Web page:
The new cash counter here, however, have very restricted access which makes it hard for the guy at the counter to multitask. As a consequence, his utilisation is low (customer take time to make up their minds), and the average wait is longer. And there is no queueing either, so there is no reduction in bad behaviour also.

For a similar reason, call centres are ineffective – they result in low utilisation on the part of both the customer and the call centre “executive”. It is unlikely that you spend all your time talking, and there is significant amount of time wasted in being put on hold or listening to boilerplate messages.

For example, I need to talk to Citibank because they’ve issued me a new debit card but haven’t sent me a PIN. When I call them, I’ll have to enter my account number multiple times, waste time listening to their options read out in a linear fashion and simply wait listening to random music when they inevitably put me on hold. On the “executive”‘s side, there will be time taken to verify stuff – when they are stuck with me while they might be serving another customer instead.

Call centres are a vestige of the 1990s (or earlier outside India), when phones were plentiful and internet not so. A significantly superior mechanism is to replace the call centre with chat – either through a web interface or through an app. Chat allows both the customer and the executive to multitask, and not waste time in meaningless tasks. Authentication can be superior to that on the phone, no time is lost navigating (since nothing needs to be read out linearly), and utilisation of both the customer and the executive is really high.

Yet, Citibank doesn’t offer this option. Neither do a lot of other supposedly progressive organisations. And that is disrespect to the time of both their customers and their “executives”. Hopefully, they’ll offer a chat option soon.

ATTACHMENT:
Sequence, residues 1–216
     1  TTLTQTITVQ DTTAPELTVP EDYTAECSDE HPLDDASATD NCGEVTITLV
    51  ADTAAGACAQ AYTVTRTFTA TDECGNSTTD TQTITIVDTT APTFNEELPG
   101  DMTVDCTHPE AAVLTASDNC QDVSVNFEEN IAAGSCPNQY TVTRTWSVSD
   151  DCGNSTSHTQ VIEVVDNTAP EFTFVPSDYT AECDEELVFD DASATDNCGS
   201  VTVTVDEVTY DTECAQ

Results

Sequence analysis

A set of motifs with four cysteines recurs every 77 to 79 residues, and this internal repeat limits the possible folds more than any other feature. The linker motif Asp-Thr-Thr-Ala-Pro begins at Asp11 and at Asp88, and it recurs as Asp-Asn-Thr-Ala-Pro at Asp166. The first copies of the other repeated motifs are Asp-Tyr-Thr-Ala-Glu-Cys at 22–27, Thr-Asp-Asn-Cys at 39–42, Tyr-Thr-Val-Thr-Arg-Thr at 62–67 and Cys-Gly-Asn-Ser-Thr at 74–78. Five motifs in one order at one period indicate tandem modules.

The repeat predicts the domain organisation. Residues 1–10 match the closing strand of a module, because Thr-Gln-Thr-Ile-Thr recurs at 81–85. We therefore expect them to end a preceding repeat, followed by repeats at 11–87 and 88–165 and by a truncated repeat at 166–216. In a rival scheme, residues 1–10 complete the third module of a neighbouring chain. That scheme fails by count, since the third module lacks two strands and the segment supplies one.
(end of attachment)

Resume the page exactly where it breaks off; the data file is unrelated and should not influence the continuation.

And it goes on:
As for Adigas, the redesign has been after their new PE money came in. I’m less bullish about their changing their billing counter design.

Characterising network effects

Met a bunch of people for drinks this evening. Most of the conversation was just okay. But there was this little bit about network effects. Where I figured out how to calculate whether network effects are present in an industry. It all came out of Kingsley claiming that the age of network effects is over, and there are no more network effects left.

The discussion presently moved to how you discover whether there exist network effects in different industries. Does the fact that  Amazon’s marketshare is nowhere close to that of a monopoly mean that there are no network effects in e-commerce marketplaces? Doesn’t Google have network effects in that given the larger number of people searching on the platform, there are more clicks and more opportunity for learning (for Google) and hence better results?

At a point of time in the conversation, I made the statement that Google (in particular and search engines in general) has “partial network effects”, in that more users means more learning and hence more results. And that for this reason Bing or any other competitor can’t match up.

So how can we characterise whether an industry has network effects, and if so, to what degree? Thinking about it, it’s rather simple. In a “normal” non-networked industry, the value of the user base is directly proportional to the number of users. Going by Metcalfe’s Law, in a fully networked industry, the value of the user base is directly proportional to the square of the number of users. An industry with “partial network effects” should surely have its value a power between 1 and 2 of the number of users?

Here’s how we figure out how networked an industry is. Take all the players in the industry and tabulate the size of the user base and the value of each of the players (excluding very small players). Plot them on a log-log plot, and measure the slope. If the slope of this log-log plot is close to 1, it means that the industry is not networked at all. If the slope is close to 2, it means it has “full network effects”. And the numbers in between represent the spectrum of possible values.

Rather simple, isn’t it? This is why I love drinking sessions, for they allow you to unleash such thoughts. Oh, and I “recorded” this thought by sending a WhatsApp voice message with the gist of the above content to Hariba. He replied with “keep them coming” or some such thing, but this was all it was for this evening.